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Atomic Energy of Canada Limited National Research Universal Reactor Safety System Upgrades and the Canadian Nuclear Safety Commission's Licensing and Oversight Process

II. Background

The NRU reactor is a 135 MWt heavy water reactor operated by AECL at the Chalk River Laboratories (CRL) site. The NRU reactor has multiple purposes, which include the production of medical isotopes, testing of various fuel types, and other irradiation services. It began operation in 1957, and is currently continuing operation with a licence renewed by the CNSC in July 2006, and which expires in October 2011. The licence was issued by the CNSC Commission with the understanding that seven safety upgrades had been installed and were fully functional. The seven safety system upgrades, which had been declared fully operational, were the following:

  • an independent second reactor trip system,
  • a qualified emergency response center,
  • a new emergency core cooling system,
  • a qualified emergency water system,
  • main pump flood protection,
  • liquid and gaseous confinement boundary, and
  • a new emergency power system.

The main issue in this report is related to the new Emergency Power System, which provided a hazard-qualified power supply to the six other upgraded safety systems, while also intended to provide a hazard-qualified power supply to two MHWPs, P-104 and P-105. These latter connections were not made at the time of licence renewal. A general description of the NRU reactor and the safety upgrades is provided in Appendix F.

On November 5, 2007, the CNSC CRL site inspector discovered a statement in an operating manual that the EPS was not connected to the MHWPs. AECL confirmed that to be the case in writing, on November 7, 2007 [1]. CNSC expressed concern that the NRU physical plant was not consistent with the licensing and safety basis. On November 14, 2007, NRU completed a technical operability evaluation (TOE) which concluded that there was no loss of function and that there was reasonable assurance of adequate margins of safety. CNSC was informed of the results of the TOE on November 16, 2007. The NRU reactor was shut down for a four-day scheduled maintenance outage on November 18, 2007. CNSC informed AECL of its concerns regarding the depth and conclusions of the TOE, advised AECL that it was working on a letter stating its concerns, and recommended that AECL not restart the reactor, but no such letter was ever sent.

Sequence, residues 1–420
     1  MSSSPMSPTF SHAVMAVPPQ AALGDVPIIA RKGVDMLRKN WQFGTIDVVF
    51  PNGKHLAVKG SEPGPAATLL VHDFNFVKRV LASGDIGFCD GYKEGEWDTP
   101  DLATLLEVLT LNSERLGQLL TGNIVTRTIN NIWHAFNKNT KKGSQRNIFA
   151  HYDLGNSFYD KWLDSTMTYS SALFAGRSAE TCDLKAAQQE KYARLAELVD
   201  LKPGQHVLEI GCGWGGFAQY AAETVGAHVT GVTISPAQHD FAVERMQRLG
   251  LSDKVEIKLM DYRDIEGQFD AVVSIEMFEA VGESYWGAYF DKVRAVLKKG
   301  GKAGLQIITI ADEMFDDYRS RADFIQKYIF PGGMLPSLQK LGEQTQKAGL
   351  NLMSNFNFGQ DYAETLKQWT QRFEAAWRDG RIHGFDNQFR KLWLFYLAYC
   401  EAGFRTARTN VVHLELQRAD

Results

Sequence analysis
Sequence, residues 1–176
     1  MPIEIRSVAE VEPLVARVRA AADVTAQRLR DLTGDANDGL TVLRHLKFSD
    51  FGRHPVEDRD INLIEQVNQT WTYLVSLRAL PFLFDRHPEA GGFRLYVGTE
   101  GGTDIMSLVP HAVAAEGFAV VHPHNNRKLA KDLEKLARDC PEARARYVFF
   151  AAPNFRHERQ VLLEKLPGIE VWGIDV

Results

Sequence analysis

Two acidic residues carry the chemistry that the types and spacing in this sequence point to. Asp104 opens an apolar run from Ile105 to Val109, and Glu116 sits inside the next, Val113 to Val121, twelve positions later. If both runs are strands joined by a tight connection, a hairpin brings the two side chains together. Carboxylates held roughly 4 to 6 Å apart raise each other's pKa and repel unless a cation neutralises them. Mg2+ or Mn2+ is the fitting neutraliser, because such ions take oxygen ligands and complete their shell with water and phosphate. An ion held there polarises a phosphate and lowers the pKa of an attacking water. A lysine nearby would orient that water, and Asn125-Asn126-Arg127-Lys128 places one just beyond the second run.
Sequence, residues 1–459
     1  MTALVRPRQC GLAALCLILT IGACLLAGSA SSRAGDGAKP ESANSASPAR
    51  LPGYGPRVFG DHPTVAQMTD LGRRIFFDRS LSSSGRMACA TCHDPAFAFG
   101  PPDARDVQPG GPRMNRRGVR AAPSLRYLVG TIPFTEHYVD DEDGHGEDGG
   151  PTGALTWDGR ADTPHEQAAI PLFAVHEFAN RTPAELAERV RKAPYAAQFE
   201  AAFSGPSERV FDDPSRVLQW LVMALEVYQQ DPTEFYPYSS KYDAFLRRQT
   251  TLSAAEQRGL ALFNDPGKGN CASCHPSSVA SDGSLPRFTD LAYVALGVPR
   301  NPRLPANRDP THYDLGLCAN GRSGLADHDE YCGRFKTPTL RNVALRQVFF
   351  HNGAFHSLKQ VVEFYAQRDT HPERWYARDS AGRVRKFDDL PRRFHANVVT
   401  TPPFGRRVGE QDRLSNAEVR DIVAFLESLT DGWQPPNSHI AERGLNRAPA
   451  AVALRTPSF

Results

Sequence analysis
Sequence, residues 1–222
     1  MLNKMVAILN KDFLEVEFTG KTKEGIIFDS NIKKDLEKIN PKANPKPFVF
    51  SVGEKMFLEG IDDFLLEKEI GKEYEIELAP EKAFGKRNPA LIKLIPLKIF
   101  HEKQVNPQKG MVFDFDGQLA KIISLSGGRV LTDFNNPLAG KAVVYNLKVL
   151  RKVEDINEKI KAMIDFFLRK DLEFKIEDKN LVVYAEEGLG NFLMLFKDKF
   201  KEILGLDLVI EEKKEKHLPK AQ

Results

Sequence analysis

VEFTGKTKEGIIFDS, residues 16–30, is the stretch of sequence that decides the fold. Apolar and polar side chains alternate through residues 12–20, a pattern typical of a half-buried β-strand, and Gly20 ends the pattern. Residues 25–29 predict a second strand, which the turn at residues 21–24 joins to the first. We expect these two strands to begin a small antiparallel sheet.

After much discussion with the CNSC staff, centred on the concern that restarting the reactor was outside of the licensing basis, on November 22, 2007 [2], AECL informed the CNSC that the NRU reactor would not be restarted that day (as originally planned), in order to complete installation and testing of new seismically-qualified direct current (DC) Motor Starters and EPS supplied power for MHWPs P-104 and P-105.

NRU management believed that they had two paths available to resolve the issue. One was to complete the EPS connection to both pumps; the other was to submit and obtain approval of a safety case for one-pump operation. From mid-November to mid-December, the projected end dates for these paths were changing, as progress was made and understanding was gained. NRU shifted its primary success path according to the way in which one path's end date moved ahead of the other.

On November 29, 2007 [3], AECL formally submitted a safety case to support restart with the upgraded EPS connected to one pump (P-105). Both AECL and CNSC staffs recognized that it was unlikely that a prompt resolution would be reached. AECL notified the CNSC on December 2, 2007 [4], that it was not continuing with that option, and that the reactor would only be restarted after both DC motor starters for MHWPs P-104 and P-105 were connected to the EPS. On December 7, 2007 [5], AECL requested regulatory approval for a modification to the Facility Authorization (FA), in order to permit the “one pump” operation for a limited period of time,. CNSC staff informed AECL, in letters dated December 7, 2007 [6], and December 10, 2007 [7], that a complete safety case and request for licence amendment was required of AECL before the matter could be referred to the CNSC Commission. Subsequently, the Minister of Natural Resources Canada and the Minister of Health Canada wrote to the Presidents of the CNSC and AECL on December 10, 2007 [8, 9], and urged them to work together to restart the reactor safely with due regard for those reliant on the medical isotopes produced by NRU. The reactor remained shut down. On December 11 and 12, 2007, the House of Commons and the Senate respectively passed a law [10] which gave AECL the authorization for operation of the NRU reactor for 120 days, with certain conditions. The reactor was restarted on December 16, 2007, and medical isotope production resumed within days.

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